From: D9U (Ray Thomas) Subject: Lottery check Program This program was devised to avoid the weekly chore of checking for winning lines in the lottery syndicate at my place of work. The original version was programmed on an Electron but is currently running on a new Master 128 which I purchased recently. My initial effort was functional but pretty boring so I asked my friend Roy Dickens (20G) to write a Display Screen. I think you will agree that Roy has done a splendid job! From: D6G (Sprow) Subject: PROGRAM - SlimDFS This is another of my "squash it into a page" utilities which I believe will be of extreme interest to members. Using SlimDFS frees up ONE AND A HALF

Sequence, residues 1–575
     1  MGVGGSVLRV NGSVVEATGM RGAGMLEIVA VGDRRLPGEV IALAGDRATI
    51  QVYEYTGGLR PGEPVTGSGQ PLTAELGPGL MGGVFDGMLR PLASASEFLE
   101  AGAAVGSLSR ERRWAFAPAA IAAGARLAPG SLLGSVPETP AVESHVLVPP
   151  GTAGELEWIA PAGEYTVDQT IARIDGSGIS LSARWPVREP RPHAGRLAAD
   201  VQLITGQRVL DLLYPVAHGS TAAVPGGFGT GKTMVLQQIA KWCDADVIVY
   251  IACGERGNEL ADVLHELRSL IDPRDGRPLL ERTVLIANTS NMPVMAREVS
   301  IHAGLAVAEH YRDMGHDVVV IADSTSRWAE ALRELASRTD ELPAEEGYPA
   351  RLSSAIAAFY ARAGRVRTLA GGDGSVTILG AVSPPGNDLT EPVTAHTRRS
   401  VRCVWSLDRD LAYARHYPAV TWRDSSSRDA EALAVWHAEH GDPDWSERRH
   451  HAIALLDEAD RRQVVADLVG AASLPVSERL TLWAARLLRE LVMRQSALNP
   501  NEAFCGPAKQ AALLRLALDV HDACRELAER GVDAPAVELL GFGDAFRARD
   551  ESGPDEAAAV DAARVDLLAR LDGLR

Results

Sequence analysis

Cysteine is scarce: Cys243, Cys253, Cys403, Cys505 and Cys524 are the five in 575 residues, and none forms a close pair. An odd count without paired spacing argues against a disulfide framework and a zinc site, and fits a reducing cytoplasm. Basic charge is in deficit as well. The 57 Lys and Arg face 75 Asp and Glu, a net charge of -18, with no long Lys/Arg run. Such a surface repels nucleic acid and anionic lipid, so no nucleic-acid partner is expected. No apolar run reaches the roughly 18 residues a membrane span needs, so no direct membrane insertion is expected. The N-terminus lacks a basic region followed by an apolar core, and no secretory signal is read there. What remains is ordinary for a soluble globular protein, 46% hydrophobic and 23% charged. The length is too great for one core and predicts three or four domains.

KILOBYTES of memory,ie.page is reduced to &1300.Yet the features of DFS are still available! To use simply *RUN the program,and it will install itself in page &C.There, it checks whether Acorn's DNFS 1.20 chip is present (sorry,it's only written to work with this DFS) and will stop if it cannot be found. However,as the majority of us have DFS 1.20 it will move the private workspace (see the Advanced User Guide for more details of what this is) down into what is normally used as the cassette buffer. Page is then dropped by 1.5k and that's it.You'll need to restart BASIC now using *BASIC so that it is informed of the movement of page,now typing PRINT ~PAGE reports 1300. This is a boon to people writing large games,and programs,and who don't want to have to "relocate".There's plenty of memory now. Let me know how you get on, Robert Sprowson. TECHNICAL INFORMATION For the majority of users this section can be ignored. 1.Due to limited space,it is assumed that the DFS chip is installed in the lowest priority socket.This must be the case. 2.As the private ws is moved,swapping between filing systems is possible EXCEPT for the tape filing system as it's buffers would overwrite the vital information stored at &900 to &AFF. 3.The number of files allowed for BGET and BPUT operations is reduced to 1,and an error "Too many open" will be flagged if you try to open more. 4.Other than that all the DFS's functions remain the same. For further details SEE www.york.ac.uk/~rps102/bbc/bbc.htm for a more formal manual & latest version EMAIL email@example.com WRITE 6 Bollinbrook road,Macc. 8BSmail me - I'm D6G From: 3WU (Fred Price) Subject: Geordie Broon Once more our intrepid Geordie is on your screen and that poor lad from the north east has had to leave the pit due to health reasons and is working in a new job as hard as usual?,(with his tongue in his cheek) So as usual put your paper in the printer and see how Geordie keeps abreast of things in his new job when you bring in. GBSJOB The most difficult thing about the Geordie Broon stories is that they're written in the old Geordie accent. It makes hard work trying to keep lines to rhyme, and now and again I have to alter a word to keep it in context so how would you the reader like to see it? In its true and proper form as spoken by those to whom it is second nature a letter in the Mag or ring me on 0191 567 91 35. FRED PS they still tark like this yer naar thave nivvor larnt a thing yit aboot how to tark reet so be warned but its still Inglish langwidge yer naar marra. Phred Apreece "SCRABLE" By Derek Hill, E2G, 21st April 1997 "SCRABLE" is a small program to choose seven random letters for four players at Scrabble. These are presented on screen very simply because so far that is the only task set. The next step would be to putthem on screen in as attractive a display as possible, together with a board, but that is another story. In a Scrabble bag there are 100 lettertiles. There are 26 letters in the alphabet, and one tile which is a blank(£) making 27. Each has it's own score in the game. These three ( letters, numbers of each, and scores ) are read from DATA into 3 numbered lists for useby the program. A procedure ( PROCchoose7 ) is used 4 times to choose 7 random letters from the bag for the players. It uses a function to do some of the details in converting the random number into a letter. From: D7Y (Andrew Medworth) Subject: Password Generator Documentation At school we have a number of independent computer networks of RM PC-5100 monsters. Each pupil has his own user name and password . Many people would just choose their own name, as they can't be bothered to remember a more secure password. Even those who do use a more random password may not use a totally random one - they will almost certainly subconsciously choose a password that is relevant to them in some way. But my program helps you choose truly random passwords for real security. It's easy to use - the purple question is the one that immediately needs answering. If you choose a password length longer than 39 characters it will be truncated to 39 characters. If you really need a random string of more than 39 letters the program will not need much doctoring. If you can't remember a password as random as this then there are some on-screen tips in the program. But here's an extra one. As a password for me, ANDREW would be useless - it would be the first thing any unscrupulous person trying to hack my area would think of. But if you add in a few numbers to this - eg AN8DRE3W - or substituted a few letters for numbers - eg A2DR33 - then you have a much stronger password, but a more memorable one. Happy memorising !! Andrew Medworth (D7Y) 45 Milton Avenue Bath BA2 4QZ Tel 01225 422892 out of school hours please!! From: D2G (Neil Parry) Subject: Magazine Search With this disk you will be able to search through the 8bs Magazine Menus contained on this disc. At present these include issues 28 to 55 inclusive. All the issues contained on this disk are ADFS but these contain the same information as the DFS issues. On startup you will be presented with a menu, I will describe briefly how to use these and what will happen. All the time displays that you will see in this program are approx; well thats what you get for using chimpanzees as a basis for time. Blame Paul for it. I hope you find thisprogram as useful as I have, I know it is slow but if you can think of a way of speeding it up then you are a better programmer than I am, well let'sface it, that's not going to be too difficult. Thanks for putting up with my drivel. 1: Specific Search This option allows you to search through the complete database for any string you wish. The program is not case sensitive, so you can enter anything you wish. 2: Title Search On pressing number 2, the program will produce a list of all the current Issues you have on disc. 3: Block Search On pressing number 3, you will be presented with another menu. A:Magazines B:Utilities C:Games & Demos D:ADFS E:Articles F:Adverts G:Program Info H:Messages When you press the above key the program will search through and display the appropriate menu you requested above. 4: Issue Search On pressing this key you will be asked for an Issue Number, the search is quite quick for a change. 5: Printer (On/Off) Well I don't really have to explain this one do I? 6: Add Issue This is the fun one, very slow but I am working on it. You first have to use Mr Harston's menu reader, load thisin, select Output File, give it a name (I use 8BS), transfer this file to your Mag Search disk and press 6. You will be asked for a file name. This is the one you just saved. After this point DO NOT PRESS BREAK OR TURN OFF YOUR MACHINE or your Data file will become corrupt. The program will do the rest. If you don't want to do this Chris has said he will add up to date versions on the magazine disks. 7: Paged Mode Select to have the page scroll up or use the SHIFT key when neccessary. Criteria This program should work on a BBC or Master computer. So far it has been tested on a BBC with DFS and a Master with ADFS & DFS. If you have a twin drive and use this in drive 1, make sure there is a disk of the same format in drive 0 as the program checks 0 to see what format to use. Acknowledgements. Thanks to Johnathan for program assistance beyond my knowledge and his menu reader without that this program would never have existed. Chris for many a long phone call and lots of ear bashing from me. and lastly thanks to John Ripley for the disk identifier program.